How Science Fiction Colors the Discussion of Immigration
As we talk about immigration – legal and illegal – there’s one word we should remove from the discussion. It’s the A Word – no not that A-hole word. It’s the bigger, dehumanizing, word that implies “Otherhood” – people not like us; people who don’t belong here. That word is Alien.
Dictionary.com starts defining alien as a noun “often disparaging and offensive.” This is likely due to its common use in science fiction, where the word means extra-terrestrials, usually either vicious, ferocious or sadly misinformed such as Star Trek’s Klingons or Andorians (the blue people with antennae). Even in Star Wars, where the real evil is the Empire and more Gestapo looking soldiers, aliens are generally unappealing, slimy, and more reptilian or fish like than human such as Jabba the Hutt and Neimoidians.
Of course, there are exceptions. The lovable Wookie (more shaggy and dog like faithful companion to Hans Solo), Ewoks (more koala like and sweet), and Yoda (the wise zen master of the force). Notice how the positive aliens have huggable or cute features versus the much wider variety of negative aliens with features less appealing.
Purists can argue the word alien is correct when discussing immigrants and immigration issues. Dictionary,com goes on to define Alien as “foreign” or “estranged.” Immigrants are foreign in that they come from other nations, but they are also not foreign, in that they are like us – humans from planet Earth. They are immigrants, emigres, migrants, evacuees and in earlier times simply settlers and homesteaders. Of all potential synonyms, aliens is the most pejorative and charged in discussing policy and legal regulations.
Consider Merriam-Webster’s definition of aliens as “strange,” “belonging or relating to another person, place, or thing,” or “differing in nature or character typically to the point of incompatibility.” By starting a policy discussion defining immigrants as “aliens,” the premise is that incoming groups are “not one of us” and likely never will be.
It’s no coincidence that immigrant groups when they first appear on our shores are frequently depicted with animal like qualities, in an attempt to illustrate them as less than human — less like us. But, they are like us. They are human.
In a new exhibit at New York City’s Tenement Museum, pictures show Irish immigrants from the turn of the 20th century depicted with ape-like faces.
If depictions and illustrations showed immigrants for what they are — human beings — the more compassionate and less fearful centers of our own reptilian brains might fire up and we’d find ourselves far less willing to treat them with disrespect and disdain.
This is the reason that a picture of crying toddler is so strong in the current debate. Babies are recognized as babies regardless of race, nationality or religious background. Just as mother dog can find compassion for a kitten, any compassionate father/mother /responsible adult in any part of the world will instinctively try to soothe rather than distress any child anywhere in the world.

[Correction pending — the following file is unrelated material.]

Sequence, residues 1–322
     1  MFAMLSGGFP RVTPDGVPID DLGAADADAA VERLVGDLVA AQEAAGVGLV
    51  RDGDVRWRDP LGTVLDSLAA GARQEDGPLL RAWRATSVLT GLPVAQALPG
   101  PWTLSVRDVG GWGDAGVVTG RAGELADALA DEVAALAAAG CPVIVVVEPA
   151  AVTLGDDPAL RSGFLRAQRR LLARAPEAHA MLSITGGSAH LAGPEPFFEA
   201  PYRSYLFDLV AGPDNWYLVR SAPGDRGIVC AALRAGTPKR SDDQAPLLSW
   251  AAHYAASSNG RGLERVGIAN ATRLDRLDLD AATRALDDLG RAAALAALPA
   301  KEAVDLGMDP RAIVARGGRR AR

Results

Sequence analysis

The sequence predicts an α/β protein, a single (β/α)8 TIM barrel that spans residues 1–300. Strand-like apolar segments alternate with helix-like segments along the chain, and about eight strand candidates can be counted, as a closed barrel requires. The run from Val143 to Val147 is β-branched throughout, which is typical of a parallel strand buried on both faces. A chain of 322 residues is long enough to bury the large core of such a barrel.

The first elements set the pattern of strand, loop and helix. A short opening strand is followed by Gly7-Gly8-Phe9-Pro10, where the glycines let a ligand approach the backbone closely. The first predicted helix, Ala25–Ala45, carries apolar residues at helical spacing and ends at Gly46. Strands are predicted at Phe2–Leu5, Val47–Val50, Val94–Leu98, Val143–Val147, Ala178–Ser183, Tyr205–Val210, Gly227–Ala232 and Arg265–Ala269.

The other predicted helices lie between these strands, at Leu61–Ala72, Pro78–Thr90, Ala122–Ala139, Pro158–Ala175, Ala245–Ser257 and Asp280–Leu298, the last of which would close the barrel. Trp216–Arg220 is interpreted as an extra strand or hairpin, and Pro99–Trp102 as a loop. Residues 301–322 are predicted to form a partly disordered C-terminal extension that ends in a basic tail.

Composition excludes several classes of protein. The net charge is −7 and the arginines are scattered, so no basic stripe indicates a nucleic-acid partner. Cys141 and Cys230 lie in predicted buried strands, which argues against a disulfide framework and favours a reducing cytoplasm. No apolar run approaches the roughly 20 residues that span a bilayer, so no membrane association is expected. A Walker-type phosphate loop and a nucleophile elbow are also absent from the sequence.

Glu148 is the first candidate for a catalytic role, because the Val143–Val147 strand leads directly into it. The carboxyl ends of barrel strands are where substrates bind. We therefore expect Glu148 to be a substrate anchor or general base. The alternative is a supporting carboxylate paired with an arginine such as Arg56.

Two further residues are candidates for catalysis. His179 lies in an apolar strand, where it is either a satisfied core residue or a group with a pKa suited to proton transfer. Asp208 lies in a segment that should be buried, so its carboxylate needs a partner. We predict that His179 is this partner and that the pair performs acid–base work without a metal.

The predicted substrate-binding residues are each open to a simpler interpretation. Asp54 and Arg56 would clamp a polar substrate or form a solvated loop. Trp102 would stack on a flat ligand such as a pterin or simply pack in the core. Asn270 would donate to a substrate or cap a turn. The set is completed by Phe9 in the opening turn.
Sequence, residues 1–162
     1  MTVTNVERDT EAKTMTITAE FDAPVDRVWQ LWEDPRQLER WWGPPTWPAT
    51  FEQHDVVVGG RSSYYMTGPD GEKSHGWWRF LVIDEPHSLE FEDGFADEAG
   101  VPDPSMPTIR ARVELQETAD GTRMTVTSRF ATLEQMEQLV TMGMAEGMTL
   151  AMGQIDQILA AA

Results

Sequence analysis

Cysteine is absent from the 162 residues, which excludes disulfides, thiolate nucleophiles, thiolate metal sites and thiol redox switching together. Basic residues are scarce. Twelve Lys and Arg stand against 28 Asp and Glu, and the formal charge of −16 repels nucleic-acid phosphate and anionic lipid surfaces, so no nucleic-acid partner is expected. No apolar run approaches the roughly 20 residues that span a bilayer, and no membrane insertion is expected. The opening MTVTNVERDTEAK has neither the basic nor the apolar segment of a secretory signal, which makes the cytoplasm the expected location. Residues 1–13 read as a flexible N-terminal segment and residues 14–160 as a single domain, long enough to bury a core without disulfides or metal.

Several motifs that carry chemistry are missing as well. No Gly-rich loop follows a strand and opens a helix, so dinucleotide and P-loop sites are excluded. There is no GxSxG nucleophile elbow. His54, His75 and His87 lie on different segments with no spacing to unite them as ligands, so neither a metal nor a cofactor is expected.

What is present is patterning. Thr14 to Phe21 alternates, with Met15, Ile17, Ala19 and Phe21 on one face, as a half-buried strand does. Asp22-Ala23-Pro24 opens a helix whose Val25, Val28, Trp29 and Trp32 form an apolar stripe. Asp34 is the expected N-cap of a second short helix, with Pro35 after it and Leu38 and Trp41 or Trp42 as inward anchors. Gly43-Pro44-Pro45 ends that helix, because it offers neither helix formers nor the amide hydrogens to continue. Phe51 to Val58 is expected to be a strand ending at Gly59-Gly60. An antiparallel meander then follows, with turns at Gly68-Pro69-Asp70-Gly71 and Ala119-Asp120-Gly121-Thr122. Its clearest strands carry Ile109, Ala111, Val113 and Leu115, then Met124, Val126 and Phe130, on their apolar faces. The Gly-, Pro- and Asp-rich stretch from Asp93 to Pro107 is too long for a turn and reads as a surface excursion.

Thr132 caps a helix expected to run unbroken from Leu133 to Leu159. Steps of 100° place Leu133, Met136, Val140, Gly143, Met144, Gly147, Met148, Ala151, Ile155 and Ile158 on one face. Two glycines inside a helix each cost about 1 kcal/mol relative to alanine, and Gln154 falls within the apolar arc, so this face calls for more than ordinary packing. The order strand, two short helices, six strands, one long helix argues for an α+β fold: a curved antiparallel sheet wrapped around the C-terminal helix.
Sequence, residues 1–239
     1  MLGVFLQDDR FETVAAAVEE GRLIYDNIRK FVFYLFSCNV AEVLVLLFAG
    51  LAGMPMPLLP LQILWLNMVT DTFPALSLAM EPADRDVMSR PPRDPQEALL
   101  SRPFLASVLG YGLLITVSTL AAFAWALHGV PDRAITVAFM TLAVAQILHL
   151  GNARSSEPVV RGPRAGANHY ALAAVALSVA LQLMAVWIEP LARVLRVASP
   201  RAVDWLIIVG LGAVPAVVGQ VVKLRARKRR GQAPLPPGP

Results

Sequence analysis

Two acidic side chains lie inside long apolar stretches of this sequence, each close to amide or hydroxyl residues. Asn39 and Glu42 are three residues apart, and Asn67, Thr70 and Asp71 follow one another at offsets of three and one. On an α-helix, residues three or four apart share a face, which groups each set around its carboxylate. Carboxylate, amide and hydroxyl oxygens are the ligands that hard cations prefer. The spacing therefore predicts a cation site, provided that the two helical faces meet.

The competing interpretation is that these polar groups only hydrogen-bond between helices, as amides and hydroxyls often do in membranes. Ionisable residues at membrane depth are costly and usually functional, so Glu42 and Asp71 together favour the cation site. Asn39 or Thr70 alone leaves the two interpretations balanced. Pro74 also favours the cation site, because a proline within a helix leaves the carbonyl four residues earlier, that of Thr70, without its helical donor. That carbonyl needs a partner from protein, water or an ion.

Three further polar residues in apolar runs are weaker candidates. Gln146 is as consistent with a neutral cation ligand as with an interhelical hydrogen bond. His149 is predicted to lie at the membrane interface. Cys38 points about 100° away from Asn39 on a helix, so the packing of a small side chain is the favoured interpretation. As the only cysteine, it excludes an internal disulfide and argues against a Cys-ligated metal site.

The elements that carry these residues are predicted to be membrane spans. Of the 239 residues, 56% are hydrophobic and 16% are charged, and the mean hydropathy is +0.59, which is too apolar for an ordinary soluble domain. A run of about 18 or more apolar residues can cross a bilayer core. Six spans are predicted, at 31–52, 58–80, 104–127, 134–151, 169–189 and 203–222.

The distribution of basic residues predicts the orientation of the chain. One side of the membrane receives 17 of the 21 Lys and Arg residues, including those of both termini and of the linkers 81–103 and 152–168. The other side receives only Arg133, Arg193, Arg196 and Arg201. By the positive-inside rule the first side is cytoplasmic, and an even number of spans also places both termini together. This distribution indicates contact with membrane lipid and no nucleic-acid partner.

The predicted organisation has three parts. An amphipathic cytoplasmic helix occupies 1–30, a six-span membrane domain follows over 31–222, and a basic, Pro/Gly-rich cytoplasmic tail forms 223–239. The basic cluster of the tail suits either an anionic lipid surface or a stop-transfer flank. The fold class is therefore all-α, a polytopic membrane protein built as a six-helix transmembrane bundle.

So if we want to argue about immigration, let’s have at it, but let’s watch our words.
- Let’s talk about people as people, not aliens.
- Let’s first recognize immigrants as fellow earthlings, originally from a different part of our own world, but fellow planetary beings.
- Let’s differentiate between families and gang members, and understand that gangs are more likely formed in detention facilities where young boys only meet other, older “lost boys.”
- Then, let’s discuss how we can humanely proceed.
Everyone can agree, it’s not by separating babes from mothers arms — mothers who aren’t crack addicts, mothers who are looking to protect their young. It’s also not by letting everyone in willy nilly. Like all other policies, the middle road — that road somewhere in between the fringe edges — is where we need and want to be. Surely, we can find it.
Potential Little Hinge Action Steps:
- Watch or read the script from the recent CBS piece Under One Roof about the NYC Tenement Museum. If in New York City, visit the museum.
- Donate to Mighty Writers in Philadelphia, specifically the El Futuro site. This 9th Street site is dedicated to promoting literacy for young hispanic children of immigrants in the Italian Market neighborhood, so named for when Italians were the immigrant grocers of Philadelphia in the first decade of the 20th Century. The center is currently exploring how to get Spanish-language books to young detainees at area-wide detention centers in PA and NJ.
- Donate to RAICES to fund legal services for parents and children at the Texas border. Funds are being used to post bail for parents to get them back with their children, as well as for legal services to represent them in immigration courts.
- Join a Protest on June 30, 2018. For a full list of planned and growing events and to find one near you go to MoveOn.org’s site for Families Belong Together.
- Watch some old science fiction, from Aliens the movie to Star Trek, Star War or even H.G. Wells The War of The Worlds. Compare and contrast First Contact in Star Wars where Vulcans first come to Earth against H.G. Wells War of the Worlds where Martians invade. Discuss with your family, friends and kids how these depictions potentially influence people’s perceptions about immigration today, or how the word “alien” may color the debate.
Photo Credits: Header – Javier-Rodriguez, Pixabay, Image #18285450; Body image – Comfeak, Pixabay, Image #3014638